Today we’d like to introduce you to Spencer McCarty.
Spencer, we’d love to hear your story and how you got to where you are today both personally and as an artist.
Growing up, I was always doodling and drawing, mostly cartoon figures. My parents always encouraged my art but when I was young I never took it seriously.
When I moved to Los Angeles in 2013 after I graduated from college, my parent’s basement back in Denver flooded and while my mom was cleaning it out, she found my old drawing supplies from an art class in high school she had made me take and shipped them to me, encouraging me to get back into drawing.
Since I didn’t know many people out here when I first moved and had a lot of free time while working part-time at a restaurant, I started drawing again and got really into it.
After six months of drawing continuously, my friend convinced me to try painting so I could have something to hang on my barren walls. Because I had spent all my time drawing with pencils, I wasn’t sure how to use color. So, I just used all the colors.
I had a blast painting that first piece, and my friends and family all seemed to like it too, so I kept at it and I fell in love. For the next few years, I was always painting, always improving.
Street art had always been something I was intrigued by. The sheer size of those murals lining the streets of Los Angeles left me in awe. I knew I had to do it too but wasn’t sure how to get started.
During the summer of 2015, a friend put me in touch with a street artist in LA who was looking for help on a huge mural she was going to be doing. She took me under her wing and for the next few months we would paint together and she taught me the basics of using spray paint, which quickly became my favorite medium.
Since then I have been busy doing both murals and traditional paintings, but the murals are the most fun for me.
We’d love to hear more about your art. What do you do and why and what do you hope others will take away from your work?
The subject matter of my paintings and murals is mostly colorful portraits, with a few animals or abstract pieces thrown in every now and again.
I think the focus on portraits came from when I was young and loved drawing manga/comic/cartoon characters. I was never satisfied with how their faces looked though; I wanted them to be more realistic. So, the face was the area I always strove to improve in my work, and over the years, it’s become what I gravitate towards the most.
While I’m painting, I’m in an almost trance-like state. I saw this infographic once about ‘The Model of Flow’ that pinpoints your mood based on the relationship between a task’s complexity and your perceived skill level. When both are high, you’re in the flow, which is how I ideally feel when I’m working on a project. It’s also meditative for me. While I’m painting, everything else in life fades into the background for a bit and it centers me and grounds my energy. It helps me work through whatever it is I’m feeling or struggling with at the time.
I do have trouble talking about my art at times, so I usually let the pieces speak for themselves and let others take away from it what they will. We all have unique experiences in life and everyone can perceive the same thing differently. I don’t mean that as a cop-out, as long as my work can make you stop and feel something, anything, then I think that’s okay in my book. My work helps me feel better, so ultimately, if it can help someone else feel better too that’s perfect.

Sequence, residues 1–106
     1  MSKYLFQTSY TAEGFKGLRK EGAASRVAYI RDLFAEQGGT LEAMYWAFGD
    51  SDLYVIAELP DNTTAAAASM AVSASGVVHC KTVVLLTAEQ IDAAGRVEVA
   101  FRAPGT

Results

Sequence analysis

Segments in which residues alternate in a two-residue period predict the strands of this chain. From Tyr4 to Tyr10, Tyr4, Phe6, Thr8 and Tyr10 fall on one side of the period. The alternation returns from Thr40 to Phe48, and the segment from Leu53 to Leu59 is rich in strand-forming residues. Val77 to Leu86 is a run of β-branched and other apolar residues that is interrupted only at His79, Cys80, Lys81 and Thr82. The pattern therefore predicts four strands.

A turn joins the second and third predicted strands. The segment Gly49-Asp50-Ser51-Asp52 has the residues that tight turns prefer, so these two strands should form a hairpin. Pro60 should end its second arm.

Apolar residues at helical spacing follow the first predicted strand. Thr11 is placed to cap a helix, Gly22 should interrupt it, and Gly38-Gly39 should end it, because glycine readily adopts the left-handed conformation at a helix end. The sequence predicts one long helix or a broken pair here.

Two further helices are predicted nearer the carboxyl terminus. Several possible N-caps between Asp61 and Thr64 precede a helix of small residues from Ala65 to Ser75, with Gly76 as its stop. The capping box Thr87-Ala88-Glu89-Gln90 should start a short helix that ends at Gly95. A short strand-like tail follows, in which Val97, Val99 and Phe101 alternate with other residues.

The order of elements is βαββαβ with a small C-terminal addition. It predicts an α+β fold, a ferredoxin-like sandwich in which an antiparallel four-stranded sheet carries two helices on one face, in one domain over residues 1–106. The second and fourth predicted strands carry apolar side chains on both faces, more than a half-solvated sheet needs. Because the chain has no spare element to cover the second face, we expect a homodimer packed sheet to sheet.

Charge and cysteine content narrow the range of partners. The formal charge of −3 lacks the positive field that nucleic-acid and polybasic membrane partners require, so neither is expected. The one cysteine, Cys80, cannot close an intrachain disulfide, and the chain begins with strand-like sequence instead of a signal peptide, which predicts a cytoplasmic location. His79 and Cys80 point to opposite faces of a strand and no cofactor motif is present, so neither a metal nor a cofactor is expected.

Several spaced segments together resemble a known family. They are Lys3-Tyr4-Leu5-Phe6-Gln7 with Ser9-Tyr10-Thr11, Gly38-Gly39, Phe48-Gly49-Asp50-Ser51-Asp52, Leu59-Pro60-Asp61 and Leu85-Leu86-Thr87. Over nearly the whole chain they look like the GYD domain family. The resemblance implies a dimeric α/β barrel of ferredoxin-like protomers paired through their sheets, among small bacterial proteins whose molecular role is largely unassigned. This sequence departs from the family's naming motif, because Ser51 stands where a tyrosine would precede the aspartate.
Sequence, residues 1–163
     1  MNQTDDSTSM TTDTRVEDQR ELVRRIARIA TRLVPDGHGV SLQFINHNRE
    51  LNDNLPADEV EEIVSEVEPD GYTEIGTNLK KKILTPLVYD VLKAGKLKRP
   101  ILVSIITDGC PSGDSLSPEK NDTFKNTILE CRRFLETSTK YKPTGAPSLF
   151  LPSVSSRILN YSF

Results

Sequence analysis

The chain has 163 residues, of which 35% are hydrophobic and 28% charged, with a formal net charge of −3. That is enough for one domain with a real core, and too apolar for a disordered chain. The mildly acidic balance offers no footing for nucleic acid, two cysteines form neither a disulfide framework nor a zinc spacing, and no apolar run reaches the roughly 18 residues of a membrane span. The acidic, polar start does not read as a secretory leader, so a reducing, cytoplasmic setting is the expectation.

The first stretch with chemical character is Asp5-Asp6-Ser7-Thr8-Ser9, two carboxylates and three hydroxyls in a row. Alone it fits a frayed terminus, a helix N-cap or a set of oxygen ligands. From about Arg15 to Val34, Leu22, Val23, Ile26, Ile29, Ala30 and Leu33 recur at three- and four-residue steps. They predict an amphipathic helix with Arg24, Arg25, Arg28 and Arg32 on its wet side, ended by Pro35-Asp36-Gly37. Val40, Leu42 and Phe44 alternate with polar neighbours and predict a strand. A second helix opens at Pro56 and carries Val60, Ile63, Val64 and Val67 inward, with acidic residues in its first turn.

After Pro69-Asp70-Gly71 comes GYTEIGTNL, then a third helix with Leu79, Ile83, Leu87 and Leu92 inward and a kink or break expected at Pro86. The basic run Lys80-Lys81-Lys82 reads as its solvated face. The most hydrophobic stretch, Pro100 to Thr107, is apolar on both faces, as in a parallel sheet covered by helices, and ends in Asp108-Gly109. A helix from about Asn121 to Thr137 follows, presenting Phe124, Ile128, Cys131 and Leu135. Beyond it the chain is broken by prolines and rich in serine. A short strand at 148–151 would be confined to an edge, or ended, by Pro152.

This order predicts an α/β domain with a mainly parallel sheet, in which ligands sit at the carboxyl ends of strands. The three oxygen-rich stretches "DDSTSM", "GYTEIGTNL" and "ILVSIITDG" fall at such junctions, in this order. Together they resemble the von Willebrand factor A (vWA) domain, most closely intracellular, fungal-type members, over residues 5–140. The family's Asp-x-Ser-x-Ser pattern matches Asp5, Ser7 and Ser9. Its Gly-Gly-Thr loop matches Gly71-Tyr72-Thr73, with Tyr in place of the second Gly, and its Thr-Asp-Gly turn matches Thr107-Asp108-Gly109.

What do you think it takes to be successful as an artist?
I think there are different types of success. Success can be like happiness; it’s just a matter of looking at things from the right perspective. Sometimes, I’ll feel like I haven’t accomplished as much as I’d hoped or that I’m not where I want to be, but it’s important to remember where you started from and all that’s happened along the way. Looking back over the last almost five years since this journey started for me, I’m very grateful for the successes I’ve had and the milestones I’ve reached up to this point.
It’s easy to correlate success as selling your pieces for thousands of dollars or having thousands of followers, but in the end, we’re always going to want more and more. We’ll never reach a plateau where we feel like it’s enough. So I don’t necessarily think these are the best metrics to define success by.
In any artistic pursuit, It’s important to have thick skin since artists deal with rejection and being told no almost daily. People will always tell you what they think is best or how you should alter your work to fit into whatever box they see you in, but I say just keep making your work how you want to make it, and eventually, those people will come to acknowledge you and your vision. The outside commentary of their work shouldn’t boggle artists down, as long as you’re happy with and feeling inspired in your work then that’s all that matters.
Whether you’re an artist or not, it’s always nice to feel the rewards from all your hard work starting to pay off. However, if you make those extrinsic rewards the carrot that’s hanging in front of you instead of the intrinsic value the comes from the growth and depth of yourself and your skills in your craft during your career, then you’re always going to feel like it’s never enough.
Do you have any events or exhibitions coming up? Where would one go to see more of your work? How can people support you and your artwork?
My street art pieces are up and around Los Angeles. There are a few that can be seen on Melrose Avenue; one at Melrose & Fairfax, another at Melrose & Vista. The mural that’s been up the longest is in Little Armenia, at the corner of Fountain Ave & Edgemont Street.
I post all my content on my Instagram, @_spencermccarty so give me a follow to stay up to date on my work! My work can also be found on my website, www.
- Website: spencermccartyart.com
- Instagram: @_spencermccarty
- Facebook: @spencermccartyart